So as the controversy grows on Usain Bolt’s supposed indiscretions with a Brazilian twenty year old woman specifically and other groupies many Jamaicans have been weighing in on the matter. Sadly Mr Bolt ought to have learnt on this and how these things have a way of materializing into something else; especially with the age of social media madness and dart boarding of popular figures he ought to have been more careful. It was only a short time before in Brazil upon his arrival other photos appeared with what appeared to be the typical ‘groupies’ a local commentator warned on radio of him and other male athletes especially as some persons are sent to simply expedite controversies for tabloids and now here we are. Bolt needs to understand he is no ordinary celebrity and that he is seen by many including young ones as a role model whether he likes the titles and or responsibility or not.
In the haze of it all a subtext has emerged that Bolt is justified in having sex with whomever he wants to so long as it is not a man, or enjoying his hetero-normative privilege, in other in misogynistic terms women are objects and the supposed love interest must also accept Bolt’s and the others who engage in groupie loving can do as they please with multiple female partners but as for men that is off limits. People seem to forget just basic boundaries and respect, lest we forget what happened to other sports stars or icons however we may seem them such as Tiger Woods, Kobe Bryant or Mike Tyson and so called groupies. The perceived sexual orientation and or sexual exploits of such public figures should not be the material for public consumption as it is being luridly presented by tabloids that are making a killing at this; it is as if they were waiting for a crack to wade into it to take him down or sell millions via clicks online for advertisers for profit.
A vox pop on RJR’s Beyond the Headlines left me rather disturbed to see the values or lack thereof people place on public figures and what is ‘permitted’ by celebrities versus ordinary souls. Only one man of the twelve persons who commented seemed to have gotten the proper gist of appropriateness and non-judgemental concerns as to the sexual exploits of public persons and more about performance in the case of Bolt, some others while adding the female only caveat in the same breath strangely cautioned Bolt to be careful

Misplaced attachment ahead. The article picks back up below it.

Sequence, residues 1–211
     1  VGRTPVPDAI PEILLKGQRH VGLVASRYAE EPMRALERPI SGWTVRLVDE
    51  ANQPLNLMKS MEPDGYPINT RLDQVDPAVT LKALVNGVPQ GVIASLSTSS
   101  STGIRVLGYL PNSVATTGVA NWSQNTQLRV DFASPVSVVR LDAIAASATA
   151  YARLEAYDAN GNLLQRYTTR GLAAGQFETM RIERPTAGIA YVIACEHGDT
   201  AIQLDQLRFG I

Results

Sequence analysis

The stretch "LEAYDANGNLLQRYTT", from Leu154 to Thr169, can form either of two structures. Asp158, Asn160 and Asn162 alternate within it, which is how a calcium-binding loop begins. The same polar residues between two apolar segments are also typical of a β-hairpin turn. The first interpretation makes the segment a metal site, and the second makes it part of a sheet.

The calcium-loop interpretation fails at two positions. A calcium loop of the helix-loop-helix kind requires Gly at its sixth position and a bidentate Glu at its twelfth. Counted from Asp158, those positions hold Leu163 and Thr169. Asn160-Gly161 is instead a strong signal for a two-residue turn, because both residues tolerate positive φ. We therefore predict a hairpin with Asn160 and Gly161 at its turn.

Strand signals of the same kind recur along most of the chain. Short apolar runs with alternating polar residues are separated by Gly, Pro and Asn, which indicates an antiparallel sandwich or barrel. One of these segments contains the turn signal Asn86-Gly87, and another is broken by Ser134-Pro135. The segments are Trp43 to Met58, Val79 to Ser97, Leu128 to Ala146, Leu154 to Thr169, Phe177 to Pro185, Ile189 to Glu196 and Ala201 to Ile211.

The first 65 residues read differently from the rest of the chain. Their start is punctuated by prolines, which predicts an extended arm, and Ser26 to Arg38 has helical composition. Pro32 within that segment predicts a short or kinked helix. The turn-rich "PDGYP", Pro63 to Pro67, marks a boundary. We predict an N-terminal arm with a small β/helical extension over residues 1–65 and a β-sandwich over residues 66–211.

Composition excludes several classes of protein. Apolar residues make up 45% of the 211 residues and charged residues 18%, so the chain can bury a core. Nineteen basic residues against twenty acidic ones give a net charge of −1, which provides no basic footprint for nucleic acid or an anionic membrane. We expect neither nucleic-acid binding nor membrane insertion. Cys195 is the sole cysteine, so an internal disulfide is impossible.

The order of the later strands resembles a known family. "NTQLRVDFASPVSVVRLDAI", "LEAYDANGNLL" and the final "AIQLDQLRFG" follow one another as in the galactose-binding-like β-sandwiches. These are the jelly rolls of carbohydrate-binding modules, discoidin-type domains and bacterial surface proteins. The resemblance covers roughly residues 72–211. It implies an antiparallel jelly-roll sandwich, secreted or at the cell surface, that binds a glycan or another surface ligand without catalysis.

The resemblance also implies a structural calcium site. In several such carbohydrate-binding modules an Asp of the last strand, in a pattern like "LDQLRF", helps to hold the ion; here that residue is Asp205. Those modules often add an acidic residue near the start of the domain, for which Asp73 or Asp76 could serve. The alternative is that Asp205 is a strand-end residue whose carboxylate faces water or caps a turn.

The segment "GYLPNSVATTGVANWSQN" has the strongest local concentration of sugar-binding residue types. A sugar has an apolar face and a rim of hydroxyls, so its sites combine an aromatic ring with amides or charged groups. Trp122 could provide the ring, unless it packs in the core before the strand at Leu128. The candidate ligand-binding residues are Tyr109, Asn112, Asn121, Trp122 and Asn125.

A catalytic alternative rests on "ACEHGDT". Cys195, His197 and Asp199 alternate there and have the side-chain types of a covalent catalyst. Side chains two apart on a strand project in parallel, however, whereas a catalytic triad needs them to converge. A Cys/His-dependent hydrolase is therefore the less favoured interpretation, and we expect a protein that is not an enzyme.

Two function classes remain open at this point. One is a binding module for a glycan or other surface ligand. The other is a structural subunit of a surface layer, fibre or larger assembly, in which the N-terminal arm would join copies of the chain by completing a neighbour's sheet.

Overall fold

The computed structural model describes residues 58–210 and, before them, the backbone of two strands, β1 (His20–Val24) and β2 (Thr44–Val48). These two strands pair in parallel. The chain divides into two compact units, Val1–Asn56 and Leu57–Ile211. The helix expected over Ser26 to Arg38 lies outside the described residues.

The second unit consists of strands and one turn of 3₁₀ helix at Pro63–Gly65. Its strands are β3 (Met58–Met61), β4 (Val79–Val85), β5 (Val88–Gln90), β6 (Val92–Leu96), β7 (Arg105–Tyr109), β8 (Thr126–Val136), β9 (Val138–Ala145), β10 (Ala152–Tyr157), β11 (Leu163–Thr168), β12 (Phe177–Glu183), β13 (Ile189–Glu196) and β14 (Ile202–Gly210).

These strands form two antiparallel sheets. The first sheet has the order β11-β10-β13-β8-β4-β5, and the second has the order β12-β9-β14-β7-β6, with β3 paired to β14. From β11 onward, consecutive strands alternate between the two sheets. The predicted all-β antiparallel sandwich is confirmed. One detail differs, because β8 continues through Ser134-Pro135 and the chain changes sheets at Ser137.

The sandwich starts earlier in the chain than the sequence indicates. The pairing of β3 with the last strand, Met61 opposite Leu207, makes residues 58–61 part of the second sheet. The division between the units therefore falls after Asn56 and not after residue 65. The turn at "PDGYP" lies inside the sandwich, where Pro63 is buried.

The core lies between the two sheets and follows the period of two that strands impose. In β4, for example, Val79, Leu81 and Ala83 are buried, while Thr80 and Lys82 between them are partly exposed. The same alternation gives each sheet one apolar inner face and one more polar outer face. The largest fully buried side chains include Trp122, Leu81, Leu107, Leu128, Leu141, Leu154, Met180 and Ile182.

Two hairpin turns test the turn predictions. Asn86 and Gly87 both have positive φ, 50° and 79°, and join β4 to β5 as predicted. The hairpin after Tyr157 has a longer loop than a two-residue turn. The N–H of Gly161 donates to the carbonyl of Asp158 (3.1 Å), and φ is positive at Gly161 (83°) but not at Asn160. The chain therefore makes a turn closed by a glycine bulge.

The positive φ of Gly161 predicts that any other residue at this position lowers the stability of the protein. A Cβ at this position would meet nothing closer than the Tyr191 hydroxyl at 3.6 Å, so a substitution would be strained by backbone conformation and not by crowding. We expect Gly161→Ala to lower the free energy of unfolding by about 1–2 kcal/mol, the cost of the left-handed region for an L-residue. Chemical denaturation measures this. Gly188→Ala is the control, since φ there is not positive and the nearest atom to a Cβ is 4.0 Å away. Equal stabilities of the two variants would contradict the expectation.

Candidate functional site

So if Bolt was in bed with a man then his achievements would have been lesser than those of a heterosexual? I am not surprised at this with even women making some bizarre comments such as Bolt just by being a celebrity he is to be shared with other women simply because he is a ‘man’ meaning he has full proxy to do as he pleases, but what about the dignity of the women involved? But if it were a man then he is not worthy of any ‘big ups’ or respect. To be a man in Jamaican terms is to be highly sexualised with a woman or women as is evidenced in the heaps of praise the tabloid story is getting from other men locally on social media. The dignity of the Olympic achievement seems now lost and Bolt’s legacy seems muddied by this if he and his team around him do not address this before it gets out of hand. UK tabloids in particular have described his encounters to include threesomes and such, reduced to just another stud that happens to be able to run fast. The public restraint he shows and friendly approachable image may be lost in all of this. His announced intention to leave the sport as well may have triggered this some suspect, so it is a way to get him prior to that when he will be less clickable on websites and enhanced sales of tabloid gossip.
And what if it were a male was the subject of this farce as it were again I ask would Bolt be seen as unworthy or not worthy of praise, accolades, adulation or achievement, let us not forget the stigmatization only a week prior thrown at Omar Mcleod just because he was less than masculine in his celebration after winning the first 110m hurdles gold medal. His supposed thumb ring on his right hand (a marker for some of homosexuality still) and his pose in a certain photograph made him the subject homo-negative comments with a bigoted hashtag ‘goldfish’ despite his groundbreaking achievement, his too proper cadence of speech also has been used to tag him as gay as real Jamaican men are not supposed to or expected to be well spoken, especially in sport. So it is not surprising the caveat regarding Bolt. The blurred nature of our highly sexualised culture is so evident here and evident in this matter, at the time of this post no official response has come from the Bolt camp so we wait to see. I was of the opinion that sports persons are expected to perform despite their sexual orientation and or what they do in their private times, all the more reason for public figures to be guided. This is not the days of an absent social media, as I commented elsewhere today one sneezes it ends up making an appearance somewhere it one is not careful while the other side of the coin some crave attention they are willing to do almost anything to get likes and clicks; media prostitution if you will.
A certain cricketer was also accused of poor performance on the field of play due to overtime as it were spent with groupies and or alleged sexual activity with females literally at one point allegedly throwing their underwear at or on him, he went on to land himself in a public relations mess in 2015 when he made what appeared to be an inappropriate advance/comment to a female Australian reporter live during an interview and like now he was praised for being so brazen as he ‘did not want a man’ but was showing his manhood and his hetero-normative privilege by not only other men but surprisingly women too.
It’s about performance than anything else, in the field of play that is and not sexually.
Peace & tolerance